A top Iranian scientist believed to be the "father" of Iran's nuclear weapons program, and who was apparently sidelined from his research a few years ago, has resumed his work in a lab on the outskirts of Tehran, the Wall Street Journal reported on Thursday, citing officials in Israel, the United States and the United Nations.
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Late last year, a United Nations nuclear watchdog report identified Mohsen Fakhrizadeh as a key figure in suspected Iranian work to develop technology and skills needed for atomic bombs and suggested he may still play a role in such efforts.
Fakhrizadeh, reportedly a senior officer in the Islamic state's elite Revolutionary Guards, was the only Iranian official named in a detailed annex of the report, which said Tehran appeared to have worked on designing a nuclear weapon.
"He is viewed as extremely important," U.S.-based proliferation expert David Albright said at the time, referring to assessments of Western intelligence officials.
Fakhrizadeh was named in a 2007 U.N. resolution on Iran as a person involved in nuclear or ballistic activities. An IAEA report the following year also referred to him briefly.
According to a Wall Street Journal report, citing U.S. officials, on Thursday, Fakhrizadeh's work on nuclear weapons was halted by the Iranian regime in 2006, and his funding was revoked.
However, the report added, sources in the IAEA believed that the top Iranian scientist resumed his research in a facility in the northern suburbs of the Iranian capital, work relevant, the report claims, to his past work on nuclear weapons.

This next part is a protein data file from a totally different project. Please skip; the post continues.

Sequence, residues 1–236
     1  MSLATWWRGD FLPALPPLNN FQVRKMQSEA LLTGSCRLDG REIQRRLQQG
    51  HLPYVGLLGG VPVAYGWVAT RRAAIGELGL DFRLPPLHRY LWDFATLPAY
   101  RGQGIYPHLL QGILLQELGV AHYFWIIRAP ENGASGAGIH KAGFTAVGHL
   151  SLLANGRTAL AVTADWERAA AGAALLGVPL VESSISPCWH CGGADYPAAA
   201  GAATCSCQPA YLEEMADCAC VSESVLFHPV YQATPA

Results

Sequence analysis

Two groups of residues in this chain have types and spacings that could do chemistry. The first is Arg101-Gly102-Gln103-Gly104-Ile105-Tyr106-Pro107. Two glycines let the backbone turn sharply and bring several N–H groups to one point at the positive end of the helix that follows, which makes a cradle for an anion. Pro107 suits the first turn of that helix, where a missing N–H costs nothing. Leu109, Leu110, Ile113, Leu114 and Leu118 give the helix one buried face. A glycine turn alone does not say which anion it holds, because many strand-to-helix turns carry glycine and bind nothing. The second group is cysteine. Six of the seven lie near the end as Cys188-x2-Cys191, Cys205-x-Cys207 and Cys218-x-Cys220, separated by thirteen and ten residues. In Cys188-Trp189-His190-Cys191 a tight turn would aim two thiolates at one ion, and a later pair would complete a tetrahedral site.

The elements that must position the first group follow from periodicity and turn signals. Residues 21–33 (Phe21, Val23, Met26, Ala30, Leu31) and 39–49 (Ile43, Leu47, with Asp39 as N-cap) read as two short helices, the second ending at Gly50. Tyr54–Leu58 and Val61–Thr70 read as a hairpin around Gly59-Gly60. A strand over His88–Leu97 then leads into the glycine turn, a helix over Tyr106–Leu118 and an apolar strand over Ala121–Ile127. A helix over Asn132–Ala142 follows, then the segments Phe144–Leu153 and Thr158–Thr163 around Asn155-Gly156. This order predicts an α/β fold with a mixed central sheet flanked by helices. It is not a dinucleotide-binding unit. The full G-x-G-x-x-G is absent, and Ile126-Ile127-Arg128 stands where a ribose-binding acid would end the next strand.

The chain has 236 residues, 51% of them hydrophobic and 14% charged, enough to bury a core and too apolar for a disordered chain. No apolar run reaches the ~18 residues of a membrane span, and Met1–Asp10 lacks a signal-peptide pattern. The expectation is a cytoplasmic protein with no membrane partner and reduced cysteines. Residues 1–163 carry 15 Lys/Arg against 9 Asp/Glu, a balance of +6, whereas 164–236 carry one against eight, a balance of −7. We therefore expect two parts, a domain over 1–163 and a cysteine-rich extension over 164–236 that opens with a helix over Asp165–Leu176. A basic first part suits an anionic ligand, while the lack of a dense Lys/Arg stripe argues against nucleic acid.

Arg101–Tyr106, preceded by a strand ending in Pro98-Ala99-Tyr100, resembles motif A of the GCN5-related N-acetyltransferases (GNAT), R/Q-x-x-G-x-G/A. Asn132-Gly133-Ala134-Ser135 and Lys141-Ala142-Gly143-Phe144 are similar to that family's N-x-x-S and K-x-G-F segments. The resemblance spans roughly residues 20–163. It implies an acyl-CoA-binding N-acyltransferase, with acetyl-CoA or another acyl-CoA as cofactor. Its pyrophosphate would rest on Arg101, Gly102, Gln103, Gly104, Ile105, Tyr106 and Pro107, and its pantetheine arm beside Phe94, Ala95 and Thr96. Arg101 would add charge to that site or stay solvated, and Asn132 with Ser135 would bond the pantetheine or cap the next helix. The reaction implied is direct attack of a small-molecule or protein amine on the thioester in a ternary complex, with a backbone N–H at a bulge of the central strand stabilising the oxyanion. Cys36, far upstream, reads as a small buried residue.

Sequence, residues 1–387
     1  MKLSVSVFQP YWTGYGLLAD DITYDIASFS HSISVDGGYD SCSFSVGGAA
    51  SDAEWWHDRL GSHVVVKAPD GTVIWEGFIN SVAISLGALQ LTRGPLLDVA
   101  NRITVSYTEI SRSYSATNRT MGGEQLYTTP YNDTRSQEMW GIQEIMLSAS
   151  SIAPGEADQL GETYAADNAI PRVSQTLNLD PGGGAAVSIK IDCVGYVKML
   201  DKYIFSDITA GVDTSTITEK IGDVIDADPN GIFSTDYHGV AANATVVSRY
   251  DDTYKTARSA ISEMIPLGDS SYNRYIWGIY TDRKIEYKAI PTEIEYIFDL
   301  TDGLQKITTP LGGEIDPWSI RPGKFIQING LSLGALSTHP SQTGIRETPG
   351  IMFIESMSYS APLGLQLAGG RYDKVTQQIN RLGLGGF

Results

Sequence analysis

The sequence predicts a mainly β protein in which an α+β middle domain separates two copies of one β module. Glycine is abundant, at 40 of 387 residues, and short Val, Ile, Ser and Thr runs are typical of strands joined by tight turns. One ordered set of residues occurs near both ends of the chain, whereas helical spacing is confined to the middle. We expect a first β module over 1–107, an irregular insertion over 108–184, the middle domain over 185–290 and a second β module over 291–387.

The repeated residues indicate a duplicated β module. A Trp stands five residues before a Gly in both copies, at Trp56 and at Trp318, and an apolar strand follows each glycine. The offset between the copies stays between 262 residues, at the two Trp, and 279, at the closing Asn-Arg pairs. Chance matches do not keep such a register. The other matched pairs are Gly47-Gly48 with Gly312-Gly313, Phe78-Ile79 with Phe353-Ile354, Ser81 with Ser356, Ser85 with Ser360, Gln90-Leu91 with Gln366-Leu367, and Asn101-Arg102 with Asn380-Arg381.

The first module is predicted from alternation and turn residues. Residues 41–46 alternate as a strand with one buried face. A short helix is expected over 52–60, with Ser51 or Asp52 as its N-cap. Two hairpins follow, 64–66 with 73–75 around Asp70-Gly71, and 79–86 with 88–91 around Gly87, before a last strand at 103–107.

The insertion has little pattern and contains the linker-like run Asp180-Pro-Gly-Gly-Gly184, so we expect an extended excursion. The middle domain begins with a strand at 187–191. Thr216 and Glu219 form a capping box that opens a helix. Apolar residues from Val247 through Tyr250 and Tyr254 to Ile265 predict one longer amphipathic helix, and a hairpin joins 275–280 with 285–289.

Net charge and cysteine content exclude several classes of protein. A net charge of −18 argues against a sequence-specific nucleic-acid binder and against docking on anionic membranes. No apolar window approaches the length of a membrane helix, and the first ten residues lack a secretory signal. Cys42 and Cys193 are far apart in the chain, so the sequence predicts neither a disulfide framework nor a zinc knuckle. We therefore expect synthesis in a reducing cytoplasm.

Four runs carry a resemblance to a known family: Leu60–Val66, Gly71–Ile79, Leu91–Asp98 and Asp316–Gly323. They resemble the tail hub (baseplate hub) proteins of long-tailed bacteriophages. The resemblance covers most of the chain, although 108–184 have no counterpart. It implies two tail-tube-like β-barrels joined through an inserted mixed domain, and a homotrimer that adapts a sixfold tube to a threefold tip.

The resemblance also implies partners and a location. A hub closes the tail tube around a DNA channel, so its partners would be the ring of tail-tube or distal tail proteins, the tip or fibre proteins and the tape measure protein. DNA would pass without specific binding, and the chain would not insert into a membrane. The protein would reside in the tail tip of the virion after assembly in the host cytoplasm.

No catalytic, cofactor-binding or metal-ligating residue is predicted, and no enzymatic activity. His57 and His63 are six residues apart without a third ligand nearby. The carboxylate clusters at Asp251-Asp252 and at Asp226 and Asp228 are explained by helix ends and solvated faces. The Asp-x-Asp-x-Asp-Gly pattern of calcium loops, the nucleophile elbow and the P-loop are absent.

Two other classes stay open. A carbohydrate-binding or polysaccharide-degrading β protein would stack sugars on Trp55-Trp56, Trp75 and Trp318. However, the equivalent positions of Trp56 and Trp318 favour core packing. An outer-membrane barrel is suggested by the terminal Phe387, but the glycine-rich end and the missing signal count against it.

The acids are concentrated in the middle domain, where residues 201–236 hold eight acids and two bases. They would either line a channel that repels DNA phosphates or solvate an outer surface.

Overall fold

According to the Wall Street Journal, his new bureau also includes some of the scientific and military experts that were involved in Fakhrizadeh's past work.
Israel and some in Europe, the report said, are concerned that Fakhrizadeh's renewed work means that Iran is moving toward the point in which a military strike could not stop its nuclear progress.
"They are moving up all three elements of their nuclear program to the starting line," a senior Israeli official told the Wall Street Journal.
Olli Heinonen, former chief weapons inspector for the IAEA said of the newly exposed research activity that "Such projects are good if one wants to maintain the expertise of the scientists in fields related to nuclear-weapons research under different legitimate hats," adding: "This is a way you can conceal."
In November 2011, the IAEA report said Fakhrizadeh was executive officer of the so-called AMAD Plan, which according to its information carried out studies related to uranium, high explosives and the revamping of a missile cone to accommodate a warhead.
The work stopped rather abruptly in late 2003, the agency said, citing information it had received from member states.
But the data also indicated that some of the activities later re-started and Fakhrizadeh "retained the principal organizational role." One country had told the IAEA he now heads the Organisation of Defensive Innovation and Research.
"The Agency is concerned because some of the activities undertaken after 2003 would be highly relevant to a nuclear weapon program," the IAEA document said.
One Western diplomat said Fakhrizadeh was the "pervasive thread" in the UN agency's report.
Citing intelligence sources, Albright said Fakhrizadeh had been "extremely upset" about the 2003 order to halt the work. But he said Fakhrizadeh had continued to receive money and run institutes, also suggesting some activities did not stop.
Iran's Supreme Leader says his country never pursued nuclear weapons, adding, however, but it will not abandon its controversial nuclear program.
Ayatollah Ali Khamenei spoke at a summit of the 120-member Nonaligned Movement. Iran says the gathering in Tehran shows that Western sanctions have not resulted in Iran's diplomat isolation.
Khamenei, who has final say on all state matters in Iran, says the country considers the use of nuclear weapons to be "a big and unforgiveable sin."